Are Ron Paul and His Supporters Being Snubbed in Oklahoma Republican Primary?


It is the morning of Super Tuesday in Oklahoma City and I am about to go vote. Last night I went to my designated polling place and put up four signs in what I judged to be a good distance from the voting box. It will be interesting to see if they are still there. I believe they will be because my precinct is very quiet. I live in Oklahoma City but I live on the side of town that really doesn’t get involved with politics too much. I am the only one on my street — two blocks long, that has a politician’s sign in their yard. My boyfriend was afraid the neighbors might steal, mangle or somehow molest it, but the only damage done is by the strong wind that comes sweeping down the plain on a constant basis.

The television ads here have been mostly Santorum and Romney, each attacking each other. I don’t recall seeing a Gingrich ad here in the last month or so. And then there is my candidate of choice, Rep. Ron Paul (R-Texas). His best advertisement is when he appeared at the state capitol here in Oklahoma City last month. He made a quick whistle-stop and it was momentous. Of course the local media wasn’t there to cover the event.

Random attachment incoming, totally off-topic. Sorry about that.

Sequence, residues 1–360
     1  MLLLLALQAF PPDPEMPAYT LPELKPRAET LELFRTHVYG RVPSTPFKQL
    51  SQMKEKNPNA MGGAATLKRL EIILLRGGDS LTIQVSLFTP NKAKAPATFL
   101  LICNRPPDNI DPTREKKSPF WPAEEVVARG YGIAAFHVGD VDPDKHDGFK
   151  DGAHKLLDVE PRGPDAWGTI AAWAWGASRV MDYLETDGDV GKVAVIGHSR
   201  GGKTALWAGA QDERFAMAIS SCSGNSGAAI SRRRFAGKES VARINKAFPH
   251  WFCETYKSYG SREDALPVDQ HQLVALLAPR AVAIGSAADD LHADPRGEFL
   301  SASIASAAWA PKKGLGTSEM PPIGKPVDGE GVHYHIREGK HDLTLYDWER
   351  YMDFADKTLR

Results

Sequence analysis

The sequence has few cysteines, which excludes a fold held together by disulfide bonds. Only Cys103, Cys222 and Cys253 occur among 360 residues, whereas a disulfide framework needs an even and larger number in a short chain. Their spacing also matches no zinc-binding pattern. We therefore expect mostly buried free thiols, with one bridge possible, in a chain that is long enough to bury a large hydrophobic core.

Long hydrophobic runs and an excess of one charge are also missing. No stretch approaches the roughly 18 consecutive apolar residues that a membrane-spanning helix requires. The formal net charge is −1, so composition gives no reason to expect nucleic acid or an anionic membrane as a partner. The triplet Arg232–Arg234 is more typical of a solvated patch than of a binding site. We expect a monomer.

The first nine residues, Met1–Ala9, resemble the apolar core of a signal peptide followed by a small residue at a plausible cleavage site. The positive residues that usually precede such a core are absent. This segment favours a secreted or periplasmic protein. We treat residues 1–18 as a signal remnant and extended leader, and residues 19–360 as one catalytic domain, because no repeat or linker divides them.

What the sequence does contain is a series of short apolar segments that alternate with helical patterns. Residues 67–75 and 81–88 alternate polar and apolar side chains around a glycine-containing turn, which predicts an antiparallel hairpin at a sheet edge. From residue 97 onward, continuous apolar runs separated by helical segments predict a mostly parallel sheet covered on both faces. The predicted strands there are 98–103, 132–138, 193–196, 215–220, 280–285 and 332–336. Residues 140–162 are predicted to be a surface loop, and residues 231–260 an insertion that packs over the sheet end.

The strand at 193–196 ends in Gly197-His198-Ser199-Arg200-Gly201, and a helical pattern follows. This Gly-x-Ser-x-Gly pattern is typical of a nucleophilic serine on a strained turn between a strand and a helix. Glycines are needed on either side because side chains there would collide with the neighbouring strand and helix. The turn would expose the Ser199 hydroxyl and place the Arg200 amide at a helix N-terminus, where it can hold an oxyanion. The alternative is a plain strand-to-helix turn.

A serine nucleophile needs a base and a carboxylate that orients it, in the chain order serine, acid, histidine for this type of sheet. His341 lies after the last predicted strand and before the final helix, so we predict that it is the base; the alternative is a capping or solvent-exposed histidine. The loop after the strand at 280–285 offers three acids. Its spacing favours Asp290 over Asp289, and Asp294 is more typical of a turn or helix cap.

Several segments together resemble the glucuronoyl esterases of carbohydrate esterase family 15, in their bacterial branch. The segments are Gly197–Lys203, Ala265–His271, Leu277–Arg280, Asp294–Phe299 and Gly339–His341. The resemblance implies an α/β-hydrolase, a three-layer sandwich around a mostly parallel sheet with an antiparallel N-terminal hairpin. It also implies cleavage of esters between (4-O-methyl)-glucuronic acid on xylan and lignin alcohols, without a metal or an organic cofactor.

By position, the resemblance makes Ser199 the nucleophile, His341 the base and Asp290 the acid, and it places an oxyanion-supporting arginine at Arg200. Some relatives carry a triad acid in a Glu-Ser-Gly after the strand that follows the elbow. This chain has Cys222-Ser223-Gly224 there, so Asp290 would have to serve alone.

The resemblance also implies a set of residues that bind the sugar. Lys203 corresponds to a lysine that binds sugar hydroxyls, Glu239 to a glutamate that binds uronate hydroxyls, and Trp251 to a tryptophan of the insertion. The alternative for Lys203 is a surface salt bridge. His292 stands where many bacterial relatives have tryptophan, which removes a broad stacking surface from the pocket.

Last Saturday I attended the Oklahoma County Convention as a delegate for my precinct. When I got to the registration table my name did not appear on the list as I had been assured via e-mail that I was, by the Oklahoma County GOP Chairman Matt Jackson. There were about 40 citizens who had to go through an extra “credentialing.” Fortunately, I had a copy of said e-mail to prove that I was on the delegate list, but 13 others were not so fortunate.  It was chaos and unfortunately, some people chose to leave rather than fight through the process. Al Gephart, a Ron Paul coordinator for the State of Oklahoma, followed the rules and called into question the obvious exclusions. Was it a “strange” coincidence that most, if not all, excluded citizens were Ron Paul supporters? There was a vigorous debate that ensued. Finally, going well into the afternoon, it was put to a vote. Would these people, many waving their voter registration cards, be allowed to participate in this most rightful and basic civic activity? The vote was narrowly passed to allow them into the convention as full participating delegates. 

The video explains it all. 

Photo Credit: Gage Skidmore